This active marketing philosophy has motivated many automation systems integrators to establish strategic partnerships with automation equipment vendors. Typically, the vendor helps the integrator identify upcoming automation projects that may require third party engineering assistance. The integrator in turn facilitates the vendor's equipment sales by offering the client the help he needs to make it all work together. For some of the smaller systems integrators like HALF, Inc. (Baltimore, MD), such joint sales efforts comprise the bulk of their customer contacts. According to founding partner George Lampadarios, HALF relies on vendors to bring his company in on projects that exceed the client's in-house engineering capabilities. Conversely, Lampadarios finds that without the introduction provided by the vendor, some of his clients would be unaware that systems integration services are available at all.

Vendors join in
Some of the larger automation equipment vendors have also developed their own systems integration divisions that derive much of their business and most of their publicity from the parent company. Bailey Controls (Wickliffe, OH) has recently expanded their installation services division with the advent of BESCO - the Bailey Engineering Services Company. Bob Holland, Bailey's marketing manager for installation services, notes that BESCO participated in the Bailey booth at ISA '93 and uses Bailey's existing sales and marketing groups to develop customer relations. But even though Bailey has been providing installation services for more than a decade, many clients are still surprised to learn that Bailey offers other integration services through BESCO.

Honeywell Industrial Automation and Control (Phoenix, AZ) has taken a different approach to the automation systems integration market. According to Paul Christopherson, director of applications and software, Honeywell has integrated their service offerings with their product line to create a single source supplier concept called TotalPlant. "Services don't just come along for the ride - they are part and parcel of what we do", says Christopherson. Field sales personnel formerly represented individual products and treated the associated engineering effort independently. With TotalPlant, Honeywell account managers can address all of the client's automation needs and bring in the appropriate product and service specialists - even third parties - as needed. Honeywell promotes the TotalPlant program with all of the traditional marketing tools plus a series of technical and business seminars to help selected clients understand the integrated systems approach to factory automation.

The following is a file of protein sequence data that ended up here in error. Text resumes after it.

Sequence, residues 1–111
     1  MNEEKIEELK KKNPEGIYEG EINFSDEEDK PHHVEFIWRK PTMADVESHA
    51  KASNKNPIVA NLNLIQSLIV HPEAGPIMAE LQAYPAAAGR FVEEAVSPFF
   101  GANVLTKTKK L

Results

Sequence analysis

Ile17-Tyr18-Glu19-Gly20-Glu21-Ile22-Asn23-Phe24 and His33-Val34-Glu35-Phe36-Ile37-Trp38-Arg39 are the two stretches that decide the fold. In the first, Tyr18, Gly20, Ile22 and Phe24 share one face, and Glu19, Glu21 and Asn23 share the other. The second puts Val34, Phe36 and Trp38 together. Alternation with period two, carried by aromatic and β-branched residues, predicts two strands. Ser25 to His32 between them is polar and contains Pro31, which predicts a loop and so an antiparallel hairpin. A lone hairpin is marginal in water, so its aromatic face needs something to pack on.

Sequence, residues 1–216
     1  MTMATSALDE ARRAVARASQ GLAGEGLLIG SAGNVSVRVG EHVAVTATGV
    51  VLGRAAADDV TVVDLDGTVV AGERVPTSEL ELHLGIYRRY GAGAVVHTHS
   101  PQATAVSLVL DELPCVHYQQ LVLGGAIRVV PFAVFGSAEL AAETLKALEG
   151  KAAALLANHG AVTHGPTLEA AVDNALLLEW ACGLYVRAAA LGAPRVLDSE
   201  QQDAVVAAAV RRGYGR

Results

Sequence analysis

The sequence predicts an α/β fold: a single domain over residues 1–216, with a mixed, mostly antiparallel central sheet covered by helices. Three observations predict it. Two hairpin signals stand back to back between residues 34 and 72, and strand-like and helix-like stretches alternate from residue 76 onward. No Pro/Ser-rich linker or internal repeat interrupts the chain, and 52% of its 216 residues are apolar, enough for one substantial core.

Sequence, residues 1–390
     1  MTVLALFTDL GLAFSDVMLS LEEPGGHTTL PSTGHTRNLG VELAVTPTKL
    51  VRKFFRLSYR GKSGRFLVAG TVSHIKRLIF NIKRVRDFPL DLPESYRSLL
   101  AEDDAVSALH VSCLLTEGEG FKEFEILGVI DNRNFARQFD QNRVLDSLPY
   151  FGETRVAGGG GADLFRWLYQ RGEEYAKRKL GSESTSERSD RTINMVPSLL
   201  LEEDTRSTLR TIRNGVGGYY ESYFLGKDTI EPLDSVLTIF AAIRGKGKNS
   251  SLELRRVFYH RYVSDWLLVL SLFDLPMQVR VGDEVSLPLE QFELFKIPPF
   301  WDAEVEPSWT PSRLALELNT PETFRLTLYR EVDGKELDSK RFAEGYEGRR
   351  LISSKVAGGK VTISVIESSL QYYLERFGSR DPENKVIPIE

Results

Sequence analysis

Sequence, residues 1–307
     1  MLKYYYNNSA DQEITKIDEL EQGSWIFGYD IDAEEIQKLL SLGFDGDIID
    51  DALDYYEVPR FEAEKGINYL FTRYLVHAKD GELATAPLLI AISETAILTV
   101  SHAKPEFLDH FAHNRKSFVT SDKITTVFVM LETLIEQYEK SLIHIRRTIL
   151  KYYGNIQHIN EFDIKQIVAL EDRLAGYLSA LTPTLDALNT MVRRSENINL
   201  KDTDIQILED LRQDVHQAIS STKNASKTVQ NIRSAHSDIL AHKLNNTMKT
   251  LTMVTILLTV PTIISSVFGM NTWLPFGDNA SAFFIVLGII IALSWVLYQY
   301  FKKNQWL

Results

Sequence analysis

Siemens Industrial Automation (Houston, TX) has developed a unique concept for providing automation engineering services - the "virtual integrator". In addition to their own engineering services, Siemens can provide financing, management, and an overall structure for a project that involves local systems integration firms chosen by the client or recommended by Siemens. "This is a rather new approach [to factory automation], so few customers know to come directly to us", says Stanley De Vries, application specialist for Siemens. Instead, most of Siemens' projects result from contacts initiated by their direct sales channel, their distribution network, or their third party integration partners.

The missing link
The automation systems integration industry continues to grow, and individual integrators have developed a variety of techniques for identifying prospective clients. Less attention has been given to the development of tools to facilitate communications in the reverse direction when it is the end user who is looking for a systems integrator. Several publications and trade organizations have produced guides to their respective segments of the industry including control, manufacturing, robotics, and instrumentation systems integration. However, a comprehensive reference work enumerating the systems integration services available throughout the industrial automation industry has been lacking - until now.

The 1994 Control Engineering Register of Industrial Automation Services lists more than 500 engineering firms that provide their time, talents, and technology to help clients implement industrial automation and control systems. Listings for the 75 featured systems integrators include descriptions of the services that they offer plus data tables specifying the industries they serve (IN), the areas they serve (AR), their engineering specialties (SP), and their corporate affiliations (AF). Separate indexes for each section of the data tables are provided to help readers match their needs to integrators that can meet them. A computerized cross reference covering all 500+ companies in the Automation Register database is also available.